Because employees are entitled to confidentiality regarding their medical conditions, the results of a medical exam cannot be given to other employees. Therefore, if an employee is sent home after their temperature is taken, the employee taking the temperature needs to be careful not to confirm assumptions made by others about why the person went home, if they saw the person leave. Likewise, the employee taking temperatures should not be telling people that the employee was sent home because they had a fever, or even that they were sent home if everyone knows that would be the reason. It is fine to confirm that a person is not in, but the reason needs to remain confidential to the extent possible. Again, this all needs to be included in a written policy. Even when a supervisor is told one of their direct reports went home, the information provided needs to be limited and no information should be given beyond the fact that the person went home and their date of return, if currently known. No assumptions should be made about why a person has a temperature. There are many reasons that a person could have a fever unrelated to Coronavirus; it is flu season after all. 

INFECTIOUS DISEASE PREPAREDNESS AND RESPONSE PLAN

Whether you are going to take temperatures or not, you need to have a written Infectious Disease Preparedness and Response Plan. The reason for the plan is threefold: First, you want to make sure you are doing everything you can to protect employees. Second, you want to make sure that employees know what you want them to do and that there is no misunderstanding about your instructions. Third, you want to make sure your actions, and the actions of any employees in the dealership, are consistent with respect to all employees so that allegations of discrimination can be dispelled.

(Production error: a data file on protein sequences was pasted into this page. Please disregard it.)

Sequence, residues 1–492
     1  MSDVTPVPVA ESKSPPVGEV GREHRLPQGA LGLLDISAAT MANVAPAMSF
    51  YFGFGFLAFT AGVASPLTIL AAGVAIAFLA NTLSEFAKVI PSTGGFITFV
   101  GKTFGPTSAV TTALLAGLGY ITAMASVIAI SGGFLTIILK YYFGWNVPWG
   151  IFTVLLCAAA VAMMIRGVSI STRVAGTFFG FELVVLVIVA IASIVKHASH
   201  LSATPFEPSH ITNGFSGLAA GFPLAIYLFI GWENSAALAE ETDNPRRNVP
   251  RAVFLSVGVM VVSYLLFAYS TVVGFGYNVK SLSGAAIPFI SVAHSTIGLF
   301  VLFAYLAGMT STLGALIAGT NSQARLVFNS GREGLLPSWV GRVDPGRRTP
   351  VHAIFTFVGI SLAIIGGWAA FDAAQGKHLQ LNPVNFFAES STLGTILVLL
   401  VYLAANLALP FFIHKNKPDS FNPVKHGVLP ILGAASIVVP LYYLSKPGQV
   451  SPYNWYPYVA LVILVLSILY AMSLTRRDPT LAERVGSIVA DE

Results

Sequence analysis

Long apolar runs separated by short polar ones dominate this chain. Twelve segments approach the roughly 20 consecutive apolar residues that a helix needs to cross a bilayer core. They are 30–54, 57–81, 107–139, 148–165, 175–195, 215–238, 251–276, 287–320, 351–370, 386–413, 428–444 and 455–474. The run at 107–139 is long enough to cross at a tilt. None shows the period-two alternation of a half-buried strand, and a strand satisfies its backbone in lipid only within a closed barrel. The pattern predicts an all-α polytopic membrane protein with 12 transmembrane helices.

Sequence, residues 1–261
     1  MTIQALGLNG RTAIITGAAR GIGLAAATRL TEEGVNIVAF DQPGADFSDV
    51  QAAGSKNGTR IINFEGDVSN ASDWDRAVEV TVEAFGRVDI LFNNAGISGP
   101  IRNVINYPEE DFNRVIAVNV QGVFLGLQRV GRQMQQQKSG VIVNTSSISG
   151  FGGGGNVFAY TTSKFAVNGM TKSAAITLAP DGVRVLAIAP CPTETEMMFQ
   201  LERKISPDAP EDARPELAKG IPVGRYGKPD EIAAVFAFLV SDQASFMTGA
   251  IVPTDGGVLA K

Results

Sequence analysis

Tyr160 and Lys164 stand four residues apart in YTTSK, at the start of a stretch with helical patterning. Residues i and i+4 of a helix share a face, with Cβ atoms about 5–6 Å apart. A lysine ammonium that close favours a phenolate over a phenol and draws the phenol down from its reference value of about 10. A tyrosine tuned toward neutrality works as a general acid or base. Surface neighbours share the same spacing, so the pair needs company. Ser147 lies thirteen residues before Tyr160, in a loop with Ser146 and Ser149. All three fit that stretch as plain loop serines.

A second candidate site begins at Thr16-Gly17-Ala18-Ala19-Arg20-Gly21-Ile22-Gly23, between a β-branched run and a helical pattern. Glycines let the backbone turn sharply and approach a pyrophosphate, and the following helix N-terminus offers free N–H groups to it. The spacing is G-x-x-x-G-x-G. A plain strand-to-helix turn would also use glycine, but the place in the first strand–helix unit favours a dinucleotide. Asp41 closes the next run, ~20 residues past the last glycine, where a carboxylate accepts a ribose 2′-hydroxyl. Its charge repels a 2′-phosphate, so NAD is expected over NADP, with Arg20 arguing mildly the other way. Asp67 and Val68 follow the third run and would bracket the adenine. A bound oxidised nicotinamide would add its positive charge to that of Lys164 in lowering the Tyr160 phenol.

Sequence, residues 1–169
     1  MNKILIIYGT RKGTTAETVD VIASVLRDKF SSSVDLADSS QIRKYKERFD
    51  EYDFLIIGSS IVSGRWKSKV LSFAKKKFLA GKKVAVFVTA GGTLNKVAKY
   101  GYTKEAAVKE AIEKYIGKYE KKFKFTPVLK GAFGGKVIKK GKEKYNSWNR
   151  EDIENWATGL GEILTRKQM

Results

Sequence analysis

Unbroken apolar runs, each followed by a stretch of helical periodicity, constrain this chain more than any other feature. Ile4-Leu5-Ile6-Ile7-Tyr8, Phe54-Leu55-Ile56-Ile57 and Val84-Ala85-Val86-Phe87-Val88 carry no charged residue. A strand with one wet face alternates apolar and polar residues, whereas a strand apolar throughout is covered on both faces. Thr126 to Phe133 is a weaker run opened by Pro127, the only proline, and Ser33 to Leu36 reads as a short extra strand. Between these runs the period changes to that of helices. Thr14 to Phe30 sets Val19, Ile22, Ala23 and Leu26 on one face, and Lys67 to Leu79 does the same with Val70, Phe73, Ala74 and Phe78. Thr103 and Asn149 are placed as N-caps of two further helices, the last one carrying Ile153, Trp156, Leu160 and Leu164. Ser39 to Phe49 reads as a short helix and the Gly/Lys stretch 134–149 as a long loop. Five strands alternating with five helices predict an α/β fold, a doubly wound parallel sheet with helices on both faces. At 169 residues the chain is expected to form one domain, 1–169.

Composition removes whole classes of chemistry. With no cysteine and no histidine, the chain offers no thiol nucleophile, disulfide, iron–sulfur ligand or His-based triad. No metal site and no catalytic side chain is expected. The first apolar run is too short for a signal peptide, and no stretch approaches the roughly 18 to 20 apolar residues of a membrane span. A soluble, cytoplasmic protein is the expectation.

Although COVID-19 is not a disability under the Americans With Disabilities Act, employees have rights under other laws to sue, for everything from failure of the employer to protect them from physical harm from infectious disease, to disparate treatment if one employee is sent home and another is not, or for violation of any one of the new laws to protect employees, like the Families First Coronavirus Response Act, The Emergency Family and Medical Leave Expansion Act, and The Emergency Paid Sick Leave Act with respect to sick leave pay. If all of the requirements you are imposing on employees are set forth in one, well-written policy, you protect the dealership.

If you do get sued, you can use the policy as evidence that you took reasonable steps to protect your employees and treated them fairly, as long as you require people to follow it and write them up when they don’t. The policy will likely be one of the first things a plaintiff’s attorney will ask to see if they are thinking of suing. They will want to see it for two reasons: One, to see if you have a policy in place, and two, to see if you followed the policy. If you don’t have a policy, or if you failed to follow the policy you do have, the likelihood of being sued increases because it increases the chance that a plaintiff can win. If you don’t yet have an Infectious Disease Preparedness and Response Plan, have your attorney prepare one for you. If you would like assistance, you can reach Erin Tenner at 805-551-1318 or please leave a message at 818-907-4071. 

Erin K. Tenner is a partner with Gray·Duffy, LLP and has been legal counsel representing auto dealers for more than 30 years. She can be reached at 805-551-1318 or by leaving a message at 818-907-4071.

        

Please Note: 
These articles are necessarily general in nature and do not substitute for legal advice with respect to any particular matter. Readers should consult with an attorney before taking any action affecting their interests.

California Auto Dealer is a registered trademark. The content of this Newsletter may not be duplicated without permission. If you know someone who would like to receive this newsletter, have them email Erin Tenner: etenner@grayduffylaw.com

Please Note: This article is necessarily general in nature and is not a substitute for legal advice with respect to any particular case. Readers should consult with an attorney before taking any action affecting their interests.